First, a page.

Thinking Through Your Priorities is More Important Than Thinking Through Your Needs

January 3, 2013

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“For life is more than food, and the body more than clothing.” (Luke 12:23)

We often separate desires into arbitrary categories of “wants” and “needs” to help us make decisions with our money. But this way of thinking can be problematic: almost nothing is technically a “need.” Because of this, honest attempts to manage your desires can either lead to guilt (My conscience won’t let me eat anything besides tap water and vitamin paste) or self-righteousness (If God wanted man to wear shoes we would have been born with Velcro on our feet).

Also, avoiding “wants” leads to a negative focus—self-denial and asceticism—rather than a positive emphasis—on Jesus and his mission. (Col. 3:20-23) If you give up one latte per week in order to pay off debt and give more to your church, the focus is on you and what you should not do (buy a latte) rather than on God and what he’s called us to do.

The truth is, my list of “wants” is really, really long. I want a lot of things. For starters:

  • I want to wear clothes.
  • I want a roof over my head.
  • I want to buy things for my family.
  • I want to drive a car.
  • I want to take my wife out on a date.
  • I want a new iPhone.
  • I want to take a vacation.
  • I want to have people over for dinner.

A straight-up comparison between my infinite “wants” list and my three-point “needs” list inevitably leads me to think in terms of guilt rather than grace. I should be embracing the finished work of Jesus on my behalf, but instead I begin to construct my own pathway to righteousness, wondering, “How many ‘wants’ can I keep and still be ‘holy’?”

This mentality implicitly denies the gospel in favor of a list of rules that I must follow (religion) in order to alleviate guilt and condemnation. I’m not arguing against discernment, self-discipline, or moderation—a good steward must pursue all three. But if you’re in the habit of always rejecting God’s material blessings because they violate some arbitrary regulations, you’re probably rejecting the fullness of his ultimate blessing as well: amazing grace. (Col. 2:20-3:4; Rom. 6:14)

Since the Bible does not draw any absolute distinctions between needs and wants. We’re simply called to trust God for our needs (Luke 11:13; 12:24-25) and be good stewards of everything else he provides. (Matt. 25:21) Most “wants” are not inherently evil, but they are never-ending. Our resources, on the other hand, are finite, which means we must prioritize.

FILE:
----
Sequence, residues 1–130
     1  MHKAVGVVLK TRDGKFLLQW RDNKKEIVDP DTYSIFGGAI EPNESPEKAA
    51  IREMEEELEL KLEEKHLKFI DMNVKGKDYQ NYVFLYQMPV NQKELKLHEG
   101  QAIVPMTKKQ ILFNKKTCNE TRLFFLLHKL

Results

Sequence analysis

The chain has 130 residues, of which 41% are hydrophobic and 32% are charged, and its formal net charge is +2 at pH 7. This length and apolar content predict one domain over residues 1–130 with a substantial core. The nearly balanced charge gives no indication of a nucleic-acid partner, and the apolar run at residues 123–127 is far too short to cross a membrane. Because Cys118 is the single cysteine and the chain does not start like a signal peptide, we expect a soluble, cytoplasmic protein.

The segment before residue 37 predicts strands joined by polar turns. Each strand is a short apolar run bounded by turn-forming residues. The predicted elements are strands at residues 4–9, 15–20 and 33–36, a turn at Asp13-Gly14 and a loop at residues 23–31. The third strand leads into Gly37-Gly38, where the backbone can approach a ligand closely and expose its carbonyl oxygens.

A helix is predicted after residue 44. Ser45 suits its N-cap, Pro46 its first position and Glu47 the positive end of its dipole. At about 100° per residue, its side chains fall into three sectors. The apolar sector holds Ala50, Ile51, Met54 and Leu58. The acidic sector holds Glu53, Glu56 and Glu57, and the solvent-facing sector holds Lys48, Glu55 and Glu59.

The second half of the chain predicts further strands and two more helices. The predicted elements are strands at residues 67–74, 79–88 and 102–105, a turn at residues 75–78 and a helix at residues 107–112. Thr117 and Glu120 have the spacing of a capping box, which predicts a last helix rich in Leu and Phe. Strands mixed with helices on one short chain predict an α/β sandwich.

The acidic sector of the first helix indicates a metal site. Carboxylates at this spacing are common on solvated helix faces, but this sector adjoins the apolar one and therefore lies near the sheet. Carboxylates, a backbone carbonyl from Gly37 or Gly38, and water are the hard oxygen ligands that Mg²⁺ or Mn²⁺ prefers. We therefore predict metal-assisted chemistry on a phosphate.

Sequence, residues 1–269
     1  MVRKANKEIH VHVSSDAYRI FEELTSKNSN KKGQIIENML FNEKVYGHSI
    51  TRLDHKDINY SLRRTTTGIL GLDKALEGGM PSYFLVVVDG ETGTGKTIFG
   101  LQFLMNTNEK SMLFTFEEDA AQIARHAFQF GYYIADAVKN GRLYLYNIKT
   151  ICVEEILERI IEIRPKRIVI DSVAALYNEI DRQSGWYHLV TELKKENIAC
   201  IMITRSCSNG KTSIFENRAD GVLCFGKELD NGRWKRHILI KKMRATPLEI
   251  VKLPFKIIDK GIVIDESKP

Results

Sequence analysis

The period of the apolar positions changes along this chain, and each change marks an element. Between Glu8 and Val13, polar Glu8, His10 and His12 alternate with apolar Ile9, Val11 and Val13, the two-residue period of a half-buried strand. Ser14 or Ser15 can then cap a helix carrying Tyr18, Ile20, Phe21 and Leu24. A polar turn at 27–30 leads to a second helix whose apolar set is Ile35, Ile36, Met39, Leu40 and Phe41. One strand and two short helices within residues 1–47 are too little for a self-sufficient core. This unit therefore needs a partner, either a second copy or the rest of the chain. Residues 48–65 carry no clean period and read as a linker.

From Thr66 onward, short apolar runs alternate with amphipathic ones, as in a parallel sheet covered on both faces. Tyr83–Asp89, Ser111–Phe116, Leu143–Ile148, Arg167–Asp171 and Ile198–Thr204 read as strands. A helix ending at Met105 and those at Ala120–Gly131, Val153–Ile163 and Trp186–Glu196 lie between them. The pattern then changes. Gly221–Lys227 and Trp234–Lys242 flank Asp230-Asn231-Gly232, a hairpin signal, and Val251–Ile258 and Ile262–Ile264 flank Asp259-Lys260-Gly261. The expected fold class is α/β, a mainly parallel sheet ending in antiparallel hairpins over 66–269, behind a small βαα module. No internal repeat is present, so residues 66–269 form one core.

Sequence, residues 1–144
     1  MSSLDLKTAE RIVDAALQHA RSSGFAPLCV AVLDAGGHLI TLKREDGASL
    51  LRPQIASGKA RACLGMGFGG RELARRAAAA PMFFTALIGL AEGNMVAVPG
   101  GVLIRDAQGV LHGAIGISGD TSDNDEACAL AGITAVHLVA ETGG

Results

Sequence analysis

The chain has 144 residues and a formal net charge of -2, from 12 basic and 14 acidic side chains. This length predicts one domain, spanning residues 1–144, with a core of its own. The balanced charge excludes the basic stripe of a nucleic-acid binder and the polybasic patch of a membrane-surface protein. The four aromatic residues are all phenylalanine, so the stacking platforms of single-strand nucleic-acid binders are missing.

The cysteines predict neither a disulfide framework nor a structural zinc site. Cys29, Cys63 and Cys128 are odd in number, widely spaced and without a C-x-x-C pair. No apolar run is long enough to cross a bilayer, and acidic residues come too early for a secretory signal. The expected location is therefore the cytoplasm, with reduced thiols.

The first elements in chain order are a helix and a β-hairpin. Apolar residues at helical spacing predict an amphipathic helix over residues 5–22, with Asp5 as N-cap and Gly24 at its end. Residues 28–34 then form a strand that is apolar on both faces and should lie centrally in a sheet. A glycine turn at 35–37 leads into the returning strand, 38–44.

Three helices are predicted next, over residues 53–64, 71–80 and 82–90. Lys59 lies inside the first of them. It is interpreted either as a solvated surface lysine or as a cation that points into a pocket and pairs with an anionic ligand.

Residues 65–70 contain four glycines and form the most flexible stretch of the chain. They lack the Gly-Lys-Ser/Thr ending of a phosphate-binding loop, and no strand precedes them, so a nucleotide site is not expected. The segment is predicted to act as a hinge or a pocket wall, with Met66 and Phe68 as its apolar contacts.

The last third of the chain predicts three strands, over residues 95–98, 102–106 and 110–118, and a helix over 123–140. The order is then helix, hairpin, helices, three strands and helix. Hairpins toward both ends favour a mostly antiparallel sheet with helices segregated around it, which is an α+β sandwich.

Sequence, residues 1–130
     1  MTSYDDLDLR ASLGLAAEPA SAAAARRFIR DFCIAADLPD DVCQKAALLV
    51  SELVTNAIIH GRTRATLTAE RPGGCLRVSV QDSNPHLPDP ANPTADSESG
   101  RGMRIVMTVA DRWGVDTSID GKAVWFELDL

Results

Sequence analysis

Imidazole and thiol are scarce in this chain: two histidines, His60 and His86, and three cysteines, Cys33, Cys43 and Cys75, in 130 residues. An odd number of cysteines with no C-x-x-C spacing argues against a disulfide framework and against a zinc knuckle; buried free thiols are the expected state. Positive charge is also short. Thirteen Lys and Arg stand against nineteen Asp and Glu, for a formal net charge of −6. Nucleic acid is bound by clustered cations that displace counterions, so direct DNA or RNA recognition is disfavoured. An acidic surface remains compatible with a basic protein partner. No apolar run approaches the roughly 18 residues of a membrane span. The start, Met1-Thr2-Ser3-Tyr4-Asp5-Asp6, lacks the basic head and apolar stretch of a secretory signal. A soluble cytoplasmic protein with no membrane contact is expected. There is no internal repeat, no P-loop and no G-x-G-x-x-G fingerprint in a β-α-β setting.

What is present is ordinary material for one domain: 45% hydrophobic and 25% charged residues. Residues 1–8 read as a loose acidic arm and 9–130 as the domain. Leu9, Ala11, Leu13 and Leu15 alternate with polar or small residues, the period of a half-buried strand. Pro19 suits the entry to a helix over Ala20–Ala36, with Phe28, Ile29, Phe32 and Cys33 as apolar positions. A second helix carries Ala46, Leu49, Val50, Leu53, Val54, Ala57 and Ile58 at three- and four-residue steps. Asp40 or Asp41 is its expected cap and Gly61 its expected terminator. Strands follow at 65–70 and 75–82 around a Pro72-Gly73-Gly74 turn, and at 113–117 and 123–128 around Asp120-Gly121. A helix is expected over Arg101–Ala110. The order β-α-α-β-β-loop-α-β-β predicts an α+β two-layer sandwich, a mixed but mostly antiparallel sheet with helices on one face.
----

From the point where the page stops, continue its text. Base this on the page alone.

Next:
PullQuote wants vs priorities

Pastor Bill Clem writes in his recent book Disciple, we follow God “as redeemed image-bearers, worshipers, a community, and missionaries.” We can get a good idea of godly priorities based off of these categories:

Prioritize Jesus. Our identity is found in the person and work of Jesus. Without him we are lost, so we must prioritize our relationship with him, and live our lives in worship of him. More than that, he is worthy of being our highest priority.

Prioritize human relationships. We were created to need community—to love, serve, and help one another. Therefore, we must prioritize our relationships with people, beginning with our family (first spouse, then children), then our church, friends, and neighborhood.

Prioritize mission. God has given us the mission to make disciples, (Matt. 28:19; Acts 1:8) and he calls his disciples to participate in this work. We must prioritize the gospel, using our resources to bless, care for, and share the gospel to those in our circles of influence.

Once we align our priorities according to life as a disciple, we can begin to evaluate our wants in light of this framework.

“For everything created by God is good, and nothing is to be rejected if it is received with thanksgiving, for it is made holy by the word of God and prayer.” (1 Tim. 4:4-5)
This post was adapted from my book Money: God or GiftBuy it for $2.99 and read it on your Kindle, or on a free Kindle Reader application.